Hiring managers want sales candidates whose resume shows a strong track record of success. While one can only hope for a career rich in exceeding goals, top ranks and awards, the reality is that sometimes quantifiable results are lackluster for reasons beyond your control.
Weigh your success and explain it against the backdrop of these three bottom line truths to transform your inconsistent stats into a tale of success:
#1 BOTTOM LINE: SOME TERRITORIES ARE EASIER TO SUCCEED IN THAN OTHERS.
Explain in the resume the state of your sales territory upon arrival. Was it bottom-ranked? Newly formed? Recently reorganized?
New hires often face a “Wild West” atmosphere or face an underperforming territory from the get-go. In these cases, the true story of success comes from territory turnaround and transforming chaos into order.
The state of a territory upon arrival coupled with the results of your territory to-date will provide the reader with a scope from which to judge success.
#2 BOTTOM LINE: ALL PRODUCTS ARE NOT CREATED EQUAL.
Some products are perfectly priced, others solve a unique problem and are an immediate hit. Still others hit bumps along the way or were introduced and met with a lukewarm response.
If your lack of standout numbers stems from product line obstacles, explain this and outline any incremental sales results.
Just like explaining your territory, the story of product sales success is best judged when the reader can compare where you started against where you ended.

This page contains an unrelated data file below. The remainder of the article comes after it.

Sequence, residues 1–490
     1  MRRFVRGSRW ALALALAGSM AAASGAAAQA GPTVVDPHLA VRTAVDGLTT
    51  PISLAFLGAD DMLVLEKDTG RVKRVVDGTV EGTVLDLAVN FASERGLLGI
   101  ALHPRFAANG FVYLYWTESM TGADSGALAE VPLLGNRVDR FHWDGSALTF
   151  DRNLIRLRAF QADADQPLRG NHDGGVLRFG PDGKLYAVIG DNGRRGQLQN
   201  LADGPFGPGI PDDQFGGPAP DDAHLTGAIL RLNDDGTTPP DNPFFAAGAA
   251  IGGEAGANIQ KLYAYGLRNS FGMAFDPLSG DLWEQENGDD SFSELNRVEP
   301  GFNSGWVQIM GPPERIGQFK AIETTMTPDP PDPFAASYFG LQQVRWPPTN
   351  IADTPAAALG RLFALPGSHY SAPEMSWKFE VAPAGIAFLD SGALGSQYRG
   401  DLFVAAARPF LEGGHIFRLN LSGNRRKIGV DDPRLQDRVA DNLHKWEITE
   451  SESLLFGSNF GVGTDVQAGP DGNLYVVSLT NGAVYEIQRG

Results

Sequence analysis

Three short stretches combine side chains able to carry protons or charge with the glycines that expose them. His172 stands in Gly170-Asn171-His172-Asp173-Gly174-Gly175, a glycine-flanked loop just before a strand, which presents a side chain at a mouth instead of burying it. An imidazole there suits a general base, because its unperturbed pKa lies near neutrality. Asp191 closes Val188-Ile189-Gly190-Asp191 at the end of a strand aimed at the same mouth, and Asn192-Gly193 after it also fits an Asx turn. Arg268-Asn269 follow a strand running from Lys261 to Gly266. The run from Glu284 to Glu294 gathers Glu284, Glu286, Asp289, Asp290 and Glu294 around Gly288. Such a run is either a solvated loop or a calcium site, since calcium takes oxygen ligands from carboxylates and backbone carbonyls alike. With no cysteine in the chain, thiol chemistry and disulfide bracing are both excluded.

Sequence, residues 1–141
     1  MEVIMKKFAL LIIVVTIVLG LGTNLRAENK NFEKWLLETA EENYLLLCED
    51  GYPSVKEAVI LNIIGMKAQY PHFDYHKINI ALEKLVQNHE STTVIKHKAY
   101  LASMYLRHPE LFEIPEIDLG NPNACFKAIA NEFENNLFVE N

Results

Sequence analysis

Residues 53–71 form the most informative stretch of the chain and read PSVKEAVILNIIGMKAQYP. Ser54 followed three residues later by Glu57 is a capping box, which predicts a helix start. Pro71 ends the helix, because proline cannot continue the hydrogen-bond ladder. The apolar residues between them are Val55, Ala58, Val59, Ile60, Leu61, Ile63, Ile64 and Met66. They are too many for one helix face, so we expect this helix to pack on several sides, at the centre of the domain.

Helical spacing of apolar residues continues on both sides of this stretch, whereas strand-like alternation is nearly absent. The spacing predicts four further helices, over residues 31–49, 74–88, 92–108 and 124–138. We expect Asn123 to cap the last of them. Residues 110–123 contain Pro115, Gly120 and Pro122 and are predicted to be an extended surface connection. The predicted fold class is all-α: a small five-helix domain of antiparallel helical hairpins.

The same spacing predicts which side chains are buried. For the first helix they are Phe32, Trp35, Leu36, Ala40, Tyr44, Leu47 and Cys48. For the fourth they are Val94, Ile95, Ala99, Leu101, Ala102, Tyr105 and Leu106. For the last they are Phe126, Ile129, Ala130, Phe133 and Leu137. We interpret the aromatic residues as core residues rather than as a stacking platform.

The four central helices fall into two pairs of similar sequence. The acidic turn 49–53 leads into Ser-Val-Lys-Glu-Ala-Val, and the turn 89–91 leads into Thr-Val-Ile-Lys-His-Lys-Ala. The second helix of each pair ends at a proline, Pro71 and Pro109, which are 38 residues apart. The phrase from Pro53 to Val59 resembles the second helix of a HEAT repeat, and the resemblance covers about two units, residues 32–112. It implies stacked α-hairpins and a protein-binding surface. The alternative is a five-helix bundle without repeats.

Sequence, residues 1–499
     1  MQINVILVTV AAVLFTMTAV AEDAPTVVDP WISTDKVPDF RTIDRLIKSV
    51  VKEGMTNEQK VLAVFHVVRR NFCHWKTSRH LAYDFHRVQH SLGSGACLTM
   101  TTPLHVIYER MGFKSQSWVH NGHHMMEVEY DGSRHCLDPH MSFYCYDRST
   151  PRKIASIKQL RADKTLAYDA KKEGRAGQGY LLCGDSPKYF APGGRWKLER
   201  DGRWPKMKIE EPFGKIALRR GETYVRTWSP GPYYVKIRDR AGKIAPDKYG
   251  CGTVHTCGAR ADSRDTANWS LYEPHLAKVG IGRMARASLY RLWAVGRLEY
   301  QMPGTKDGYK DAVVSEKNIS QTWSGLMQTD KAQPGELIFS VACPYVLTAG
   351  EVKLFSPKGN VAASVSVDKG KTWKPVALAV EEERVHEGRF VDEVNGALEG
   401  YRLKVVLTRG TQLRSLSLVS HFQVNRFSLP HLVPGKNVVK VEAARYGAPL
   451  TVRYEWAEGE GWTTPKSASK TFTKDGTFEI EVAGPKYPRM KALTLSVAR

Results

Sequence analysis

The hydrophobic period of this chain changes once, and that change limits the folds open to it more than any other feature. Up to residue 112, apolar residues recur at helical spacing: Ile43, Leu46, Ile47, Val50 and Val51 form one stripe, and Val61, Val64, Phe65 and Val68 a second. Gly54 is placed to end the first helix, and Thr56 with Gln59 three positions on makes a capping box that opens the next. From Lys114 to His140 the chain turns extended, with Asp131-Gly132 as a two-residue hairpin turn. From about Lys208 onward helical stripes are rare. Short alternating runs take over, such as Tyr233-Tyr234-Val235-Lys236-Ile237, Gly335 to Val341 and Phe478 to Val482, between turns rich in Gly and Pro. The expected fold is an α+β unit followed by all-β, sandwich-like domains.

#3 BOTTOM LINE: SOMETIMES THE COMPETITION IS BETTER.
To gain traction when faced with steep, strong and often better competition, a savvy sales professional must rely on his/her ability to forge and sustain relationships and make compelling cases.
If the competition’s natural advantage curtailed your sales success, be sure to explain your limited success given these steep obstacles.
Similar to explaining the background behind your product(s) and sales territory – the tale of success is gleaned from understanding incremental medical sales success given the circumstances.
Numbers Always Tell a Tale
Stats and numbers always tell a story. The trick lies in showing the reader where you started, how you landed and how your sales strategy led to success.
This article was syndicated from Business 2 Community: How to Write Your Resume When the Stats Don’t Speak for Themselves
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